Pardoning the Unpardonable

October 07, 1994

A pardon for Sam Green? Incredible. And yet true.

Those with long memories recall the X-rated testimony at Samuel A. Green Jr.'s 1974 corruption trial. At the time, he was the powerful Baltimore County state's attorney. But he flagrantly betrayed the voters' trust. He extorted money from a top assistant. He covered up a bribe from a man seeking to get his arrest record expunged. He cheated on his expense account. He agreed to fix a case in exchange for sex. He threatened to kill a former deputy. He turned his office into a modern-day Sodom.

This is the man Gov. William Donald Schaefer has pardoned?

He met a hatcheck girl at a nightclub and hired her as a secretary -- without any typing test. Then he falsified her application to say she had an 11th-grade education. She, in turn, provided him with back rubs and did anything else he asked.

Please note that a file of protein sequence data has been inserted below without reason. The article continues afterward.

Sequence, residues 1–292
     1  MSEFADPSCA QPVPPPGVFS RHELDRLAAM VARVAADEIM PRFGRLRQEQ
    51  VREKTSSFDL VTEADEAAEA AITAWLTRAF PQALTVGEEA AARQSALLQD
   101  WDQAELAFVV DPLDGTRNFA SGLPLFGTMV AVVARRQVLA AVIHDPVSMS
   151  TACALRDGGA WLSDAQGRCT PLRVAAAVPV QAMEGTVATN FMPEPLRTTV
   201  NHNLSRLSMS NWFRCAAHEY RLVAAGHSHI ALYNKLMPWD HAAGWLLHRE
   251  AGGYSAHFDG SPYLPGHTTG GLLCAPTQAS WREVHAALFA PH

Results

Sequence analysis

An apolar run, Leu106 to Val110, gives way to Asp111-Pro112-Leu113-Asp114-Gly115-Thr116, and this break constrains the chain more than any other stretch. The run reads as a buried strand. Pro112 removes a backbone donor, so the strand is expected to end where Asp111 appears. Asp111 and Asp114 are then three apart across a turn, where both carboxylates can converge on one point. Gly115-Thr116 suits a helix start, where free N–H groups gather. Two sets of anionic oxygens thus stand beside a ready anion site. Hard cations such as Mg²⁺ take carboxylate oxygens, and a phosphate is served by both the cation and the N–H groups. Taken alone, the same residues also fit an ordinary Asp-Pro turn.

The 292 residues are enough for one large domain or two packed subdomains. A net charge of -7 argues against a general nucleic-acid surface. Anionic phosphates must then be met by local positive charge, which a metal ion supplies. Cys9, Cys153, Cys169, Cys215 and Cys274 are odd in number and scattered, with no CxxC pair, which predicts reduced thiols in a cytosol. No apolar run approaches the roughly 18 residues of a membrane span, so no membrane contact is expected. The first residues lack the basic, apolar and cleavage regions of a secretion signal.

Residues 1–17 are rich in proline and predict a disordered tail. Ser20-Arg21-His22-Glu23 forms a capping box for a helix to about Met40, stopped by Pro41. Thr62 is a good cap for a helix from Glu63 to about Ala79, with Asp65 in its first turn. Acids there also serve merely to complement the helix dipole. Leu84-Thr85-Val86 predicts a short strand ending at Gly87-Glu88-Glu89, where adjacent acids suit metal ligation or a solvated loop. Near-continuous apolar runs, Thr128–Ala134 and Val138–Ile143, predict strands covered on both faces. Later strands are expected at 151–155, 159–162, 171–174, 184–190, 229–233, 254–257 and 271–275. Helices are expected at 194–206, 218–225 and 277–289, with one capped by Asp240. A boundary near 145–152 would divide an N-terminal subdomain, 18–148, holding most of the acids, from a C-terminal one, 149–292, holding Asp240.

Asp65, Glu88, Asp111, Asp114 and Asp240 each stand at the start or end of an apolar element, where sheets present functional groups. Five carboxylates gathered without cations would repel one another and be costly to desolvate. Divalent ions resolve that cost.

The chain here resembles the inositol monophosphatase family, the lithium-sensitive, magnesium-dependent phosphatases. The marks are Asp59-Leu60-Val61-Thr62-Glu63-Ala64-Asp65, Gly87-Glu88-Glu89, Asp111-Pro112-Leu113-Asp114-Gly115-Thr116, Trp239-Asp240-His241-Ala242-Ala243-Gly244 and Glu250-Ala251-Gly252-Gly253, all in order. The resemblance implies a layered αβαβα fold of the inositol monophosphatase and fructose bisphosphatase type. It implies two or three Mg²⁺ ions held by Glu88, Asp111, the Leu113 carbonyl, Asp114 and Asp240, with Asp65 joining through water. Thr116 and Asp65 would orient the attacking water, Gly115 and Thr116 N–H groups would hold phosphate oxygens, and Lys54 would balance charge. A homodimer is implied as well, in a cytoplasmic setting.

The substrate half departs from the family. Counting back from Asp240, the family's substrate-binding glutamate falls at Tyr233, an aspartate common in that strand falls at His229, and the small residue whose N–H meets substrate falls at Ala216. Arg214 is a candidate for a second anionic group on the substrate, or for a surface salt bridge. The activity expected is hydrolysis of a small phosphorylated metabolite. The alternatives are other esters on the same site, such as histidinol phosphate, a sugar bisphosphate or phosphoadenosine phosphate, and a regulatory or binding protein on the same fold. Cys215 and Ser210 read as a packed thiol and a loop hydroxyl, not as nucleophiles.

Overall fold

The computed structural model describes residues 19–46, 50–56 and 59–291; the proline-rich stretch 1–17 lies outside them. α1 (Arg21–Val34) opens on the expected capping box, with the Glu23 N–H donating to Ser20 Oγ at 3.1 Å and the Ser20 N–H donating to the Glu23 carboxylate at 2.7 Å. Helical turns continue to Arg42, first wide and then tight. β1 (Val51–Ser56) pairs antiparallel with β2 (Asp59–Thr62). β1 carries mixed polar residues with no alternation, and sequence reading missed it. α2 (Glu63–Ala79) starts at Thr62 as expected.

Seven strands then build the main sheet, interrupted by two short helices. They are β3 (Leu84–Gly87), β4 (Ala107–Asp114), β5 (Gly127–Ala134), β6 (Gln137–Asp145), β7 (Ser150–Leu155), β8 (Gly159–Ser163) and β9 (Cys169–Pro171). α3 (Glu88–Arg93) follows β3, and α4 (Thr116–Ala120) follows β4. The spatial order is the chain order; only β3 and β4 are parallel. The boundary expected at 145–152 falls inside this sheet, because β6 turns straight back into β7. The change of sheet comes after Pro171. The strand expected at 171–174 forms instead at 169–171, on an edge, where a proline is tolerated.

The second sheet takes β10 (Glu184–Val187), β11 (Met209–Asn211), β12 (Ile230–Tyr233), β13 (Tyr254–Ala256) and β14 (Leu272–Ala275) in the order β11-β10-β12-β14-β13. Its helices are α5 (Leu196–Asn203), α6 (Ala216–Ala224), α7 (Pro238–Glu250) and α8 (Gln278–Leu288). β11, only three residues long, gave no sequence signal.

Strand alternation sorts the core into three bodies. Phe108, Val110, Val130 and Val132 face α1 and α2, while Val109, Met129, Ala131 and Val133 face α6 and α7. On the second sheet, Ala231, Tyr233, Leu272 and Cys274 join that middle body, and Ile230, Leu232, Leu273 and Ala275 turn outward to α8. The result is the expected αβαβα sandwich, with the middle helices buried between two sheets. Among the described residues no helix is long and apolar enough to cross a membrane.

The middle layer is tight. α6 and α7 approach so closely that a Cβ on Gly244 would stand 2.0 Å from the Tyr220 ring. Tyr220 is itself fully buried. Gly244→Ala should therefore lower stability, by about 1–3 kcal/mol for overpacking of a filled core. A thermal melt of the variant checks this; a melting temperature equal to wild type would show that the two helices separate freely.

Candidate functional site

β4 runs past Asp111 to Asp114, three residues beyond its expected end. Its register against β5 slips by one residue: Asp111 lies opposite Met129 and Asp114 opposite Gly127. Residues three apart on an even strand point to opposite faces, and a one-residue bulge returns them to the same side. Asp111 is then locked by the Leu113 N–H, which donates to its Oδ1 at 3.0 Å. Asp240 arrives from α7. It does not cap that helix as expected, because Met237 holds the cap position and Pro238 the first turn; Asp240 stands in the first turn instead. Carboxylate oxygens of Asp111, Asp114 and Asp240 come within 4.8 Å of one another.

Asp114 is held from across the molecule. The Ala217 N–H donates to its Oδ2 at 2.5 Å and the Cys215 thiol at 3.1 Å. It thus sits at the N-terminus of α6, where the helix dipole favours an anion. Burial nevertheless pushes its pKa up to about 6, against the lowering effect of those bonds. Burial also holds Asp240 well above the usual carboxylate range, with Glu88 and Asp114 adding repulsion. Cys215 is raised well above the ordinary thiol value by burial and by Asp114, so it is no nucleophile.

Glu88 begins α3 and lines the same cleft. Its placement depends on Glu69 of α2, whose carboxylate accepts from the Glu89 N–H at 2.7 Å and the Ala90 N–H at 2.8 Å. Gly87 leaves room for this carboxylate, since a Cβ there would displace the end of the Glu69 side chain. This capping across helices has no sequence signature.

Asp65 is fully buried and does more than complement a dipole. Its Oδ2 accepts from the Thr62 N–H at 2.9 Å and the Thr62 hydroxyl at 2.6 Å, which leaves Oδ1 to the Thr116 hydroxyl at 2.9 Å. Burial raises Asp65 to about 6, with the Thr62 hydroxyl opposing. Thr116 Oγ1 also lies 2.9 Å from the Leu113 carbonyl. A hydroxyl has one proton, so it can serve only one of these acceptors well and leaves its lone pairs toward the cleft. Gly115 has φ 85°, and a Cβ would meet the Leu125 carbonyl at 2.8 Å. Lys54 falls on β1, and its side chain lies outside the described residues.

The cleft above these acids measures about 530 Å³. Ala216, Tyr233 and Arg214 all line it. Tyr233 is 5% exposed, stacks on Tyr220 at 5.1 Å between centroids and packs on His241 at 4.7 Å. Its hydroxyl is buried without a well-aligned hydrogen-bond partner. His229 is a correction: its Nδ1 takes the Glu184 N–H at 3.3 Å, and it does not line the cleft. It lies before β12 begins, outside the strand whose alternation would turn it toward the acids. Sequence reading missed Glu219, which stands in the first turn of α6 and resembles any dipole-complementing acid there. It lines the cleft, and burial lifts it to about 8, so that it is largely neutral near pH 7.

He regularly had sex with other office secretaries, including nights in motel rooms. He bragged about often opening his mail in the morning while engaging in sexual activity with a secretary.

He cheated a client out of $235,000 while acting as his legal guardian. He created phony legal files to cover up a bribery payment. He perjured himself before a grand jury.

He was an appalling embarrassment to the legal community. He corrupted his office and stained this state's criminal justice system.

Now Mr. Green has been pardoned. It is an unpardonable act by Governor Schaefer. Mr. Green never showed remorse for his unseemly and abusive actions, which netted him 6 months in prison on a three-year sentence. Once before he tried to win a partial pardon, but Gov. Harry R. Hughes rightly rejected this bid in 1979, noting that Mr. Green showed no repentance. He still doesn't.

Last month, Governor Schaefer signed a posthumous pardon for Jerome Cardin, one of the major culprits in Maryland's shameful savings and loan scandal. That was bad enough. But now comes the Green pardon. What next? We shudder to think.

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